• Cells are highly organized


  • Cells contain specialized structures (organelles) that carry out the cell’s life processes

  • Many different kinds of cells

  • All cells surrounded by a membrane

  • Contain a set of instructions (genetic information)


Stability and Homeostasis

  • Maintain very stable internal conditions

  • Temperature, water content, chemical content, etc.


Reproduction and Inheritance

  • All organisms produce new organisms like themselves

  • Organisms transmit hereditary information to their offspring (reproduction)


DNA

  • Information in the form of DNA (Deoxyribonucleic Acid)

  • DNA contains instructions for traits (genes)

  • Make the structures and complex chemicals necessary for life

  • DNA in every body cell (somatic) is exactly alike


Sexual Reproduction

  • Hereditary information from two parts of same organism or two different organisms of the same species are combined

  • Egg and sperm zygote (fertilized egg)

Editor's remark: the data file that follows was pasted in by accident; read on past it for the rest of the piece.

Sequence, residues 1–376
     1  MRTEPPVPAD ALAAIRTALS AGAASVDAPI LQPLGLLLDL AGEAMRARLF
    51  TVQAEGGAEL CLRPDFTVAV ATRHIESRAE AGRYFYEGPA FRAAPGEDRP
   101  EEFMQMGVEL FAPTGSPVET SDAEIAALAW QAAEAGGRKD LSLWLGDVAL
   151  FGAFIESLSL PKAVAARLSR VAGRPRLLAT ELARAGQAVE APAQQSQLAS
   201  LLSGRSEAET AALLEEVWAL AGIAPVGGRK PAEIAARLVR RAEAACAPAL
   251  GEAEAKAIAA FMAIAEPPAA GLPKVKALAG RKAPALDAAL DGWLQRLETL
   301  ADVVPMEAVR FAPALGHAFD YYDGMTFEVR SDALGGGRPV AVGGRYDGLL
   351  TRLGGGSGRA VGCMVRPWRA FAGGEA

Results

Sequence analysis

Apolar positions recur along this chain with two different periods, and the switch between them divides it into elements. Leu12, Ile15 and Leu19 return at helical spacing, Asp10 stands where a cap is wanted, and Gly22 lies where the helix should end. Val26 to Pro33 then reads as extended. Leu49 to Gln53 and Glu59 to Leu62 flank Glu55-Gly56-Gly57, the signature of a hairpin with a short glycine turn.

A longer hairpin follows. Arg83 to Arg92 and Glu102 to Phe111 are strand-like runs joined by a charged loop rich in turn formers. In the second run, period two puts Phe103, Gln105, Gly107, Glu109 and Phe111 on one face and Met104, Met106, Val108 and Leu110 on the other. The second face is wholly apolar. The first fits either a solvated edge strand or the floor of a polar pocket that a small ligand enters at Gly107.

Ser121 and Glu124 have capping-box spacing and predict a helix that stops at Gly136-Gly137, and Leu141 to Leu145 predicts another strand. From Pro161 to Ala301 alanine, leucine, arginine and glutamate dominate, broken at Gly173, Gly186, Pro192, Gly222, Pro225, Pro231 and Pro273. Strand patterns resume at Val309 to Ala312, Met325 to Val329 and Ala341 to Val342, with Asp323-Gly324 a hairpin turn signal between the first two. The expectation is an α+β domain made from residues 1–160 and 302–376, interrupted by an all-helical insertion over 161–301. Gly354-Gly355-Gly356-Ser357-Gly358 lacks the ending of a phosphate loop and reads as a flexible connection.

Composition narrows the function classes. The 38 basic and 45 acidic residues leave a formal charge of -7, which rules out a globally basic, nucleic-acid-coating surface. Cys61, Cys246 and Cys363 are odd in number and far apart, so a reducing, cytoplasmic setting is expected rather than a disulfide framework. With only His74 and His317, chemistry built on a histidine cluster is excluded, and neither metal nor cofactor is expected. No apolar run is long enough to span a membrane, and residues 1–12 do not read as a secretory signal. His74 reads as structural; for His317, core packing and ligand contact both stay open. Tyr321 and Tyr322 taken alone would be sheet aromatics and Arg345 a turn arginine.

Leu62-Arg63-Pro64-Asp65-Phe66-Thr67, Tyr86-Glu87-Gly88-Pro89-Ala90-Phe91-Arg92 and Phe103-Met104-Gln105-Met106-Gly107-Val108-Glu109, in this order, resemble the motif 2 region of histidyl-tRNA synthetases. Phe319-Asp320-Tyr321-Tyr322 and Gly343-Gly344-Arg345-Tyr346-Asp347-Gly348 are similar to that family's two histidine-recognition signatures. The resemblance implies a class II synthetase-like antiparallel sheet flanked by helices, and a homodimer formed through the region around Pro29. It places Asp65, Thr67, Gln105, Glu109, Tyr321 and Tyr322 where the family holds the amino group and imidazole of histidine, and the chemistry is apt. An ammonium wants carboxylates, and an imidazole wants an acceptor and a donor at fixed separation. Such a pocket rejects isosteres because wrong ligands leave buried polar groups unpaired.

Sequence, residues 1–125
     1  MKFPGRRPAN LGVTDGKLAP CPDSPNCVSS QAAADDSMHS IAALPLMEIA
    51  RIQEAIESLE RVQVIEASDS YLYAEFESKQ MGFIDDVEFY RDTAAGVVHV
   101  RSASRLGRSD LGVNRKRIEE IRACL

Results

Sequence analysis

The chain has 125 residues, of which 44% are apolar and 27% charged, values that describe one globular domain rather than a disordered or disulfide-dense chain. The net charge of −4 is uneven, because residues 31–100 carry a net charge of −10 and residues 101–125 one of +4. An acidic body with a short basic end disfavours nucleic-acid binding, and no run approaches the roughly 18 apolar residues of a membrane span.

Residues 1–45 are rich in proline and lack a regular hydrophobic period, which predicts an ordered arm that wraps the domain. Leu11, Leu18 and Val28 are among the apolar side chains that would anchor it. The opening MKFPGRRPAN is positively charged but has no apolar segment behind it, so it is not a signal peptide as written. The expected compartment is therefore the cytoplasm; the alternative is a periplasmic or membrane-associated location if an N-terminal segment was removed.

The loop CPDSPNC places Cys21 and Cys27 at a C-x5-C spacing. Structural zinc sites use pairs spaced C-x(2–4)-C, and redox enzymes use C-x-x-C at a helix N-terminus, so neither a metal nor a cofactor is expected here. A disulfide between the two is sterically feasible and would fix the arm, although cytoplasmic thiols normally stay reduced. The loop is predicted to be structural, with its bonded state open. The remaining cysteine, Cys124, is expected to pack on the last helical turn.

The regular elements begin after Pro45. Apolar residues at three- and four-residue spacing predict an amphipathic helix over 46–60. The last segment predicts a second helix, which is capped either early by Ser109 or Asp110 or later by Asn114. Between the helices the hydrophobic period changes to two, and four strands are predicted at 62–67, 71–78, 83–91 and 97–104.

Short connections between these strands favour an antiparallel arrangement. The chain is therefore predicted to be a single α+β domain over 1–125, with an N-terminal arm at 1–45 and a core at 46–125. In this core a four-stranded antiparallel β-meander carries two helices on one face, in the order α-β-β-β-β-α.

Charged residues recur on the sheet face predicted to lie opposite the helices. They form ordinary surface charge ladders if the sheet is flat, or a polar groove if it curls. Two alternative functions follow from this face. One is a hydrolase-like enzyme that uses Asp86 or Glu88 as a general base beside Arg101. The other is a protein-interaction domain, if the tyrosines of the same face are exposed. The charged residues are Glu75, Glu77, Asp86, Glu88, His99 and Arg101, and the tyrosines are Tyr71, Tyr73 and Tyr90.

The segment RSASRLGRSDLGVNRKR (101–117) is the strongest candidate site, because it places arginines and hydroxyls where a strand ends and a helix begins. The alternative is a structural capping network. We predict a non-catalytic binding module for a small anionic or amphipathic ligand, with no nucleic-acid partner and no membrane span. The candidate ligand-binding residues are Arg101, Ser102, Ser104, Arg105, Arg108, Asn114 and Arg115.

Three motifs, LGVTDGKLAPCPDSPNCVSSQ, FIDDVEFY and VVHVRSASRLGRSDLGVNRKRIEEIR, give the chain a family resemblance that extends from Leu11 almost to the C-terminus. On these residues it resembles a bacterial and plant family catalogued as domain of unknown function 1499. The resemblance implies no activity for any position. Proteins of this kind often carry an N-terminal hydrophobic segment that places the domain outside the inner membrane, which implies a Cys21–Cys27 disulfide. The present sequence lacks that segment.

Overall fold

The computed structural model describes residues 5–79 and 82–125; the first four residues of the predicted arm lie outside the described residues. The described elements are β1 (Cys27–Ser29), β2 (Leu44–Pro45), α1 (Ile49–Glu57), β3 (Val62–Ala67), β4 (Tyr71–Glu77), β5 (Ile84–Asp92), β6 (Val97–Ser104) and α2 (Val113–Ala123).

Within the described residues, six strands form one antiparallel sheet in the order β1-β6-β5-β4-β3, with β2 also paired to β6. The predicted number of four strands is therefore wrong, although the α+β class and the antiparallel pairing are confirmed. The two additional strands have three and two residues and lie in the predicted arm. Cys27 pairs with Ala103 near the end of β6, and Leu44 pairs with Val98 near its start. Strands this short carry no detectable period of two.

• Zygote contains hereditary information from both parents


Asexual Reproduction

  • Hereditary information from different organisms is NOT combined

  • Resulting cells contain identical hereditary information

  • Genetic information from single parent


Evolution

  • Populations of organisms change (evolve) over generations (time)

  • Explains how many different kinds of organisms came into existence

  • Explains how modern organisms are related to past organisms


  • Explains why organisms look and behave the way they do

  • Provides a basis for exploring the relationships among different groups of organisms


Natural Selection

  • Natural selection is the driving force in evolution

  • Organisms that have certain favorable traits are better able to successfully reproduce than organisms that lack these traits


Natural Selection

  • Survival of organisms with favorable traits cause a gradual change in populations over many generations

  • Known as “descent with modification”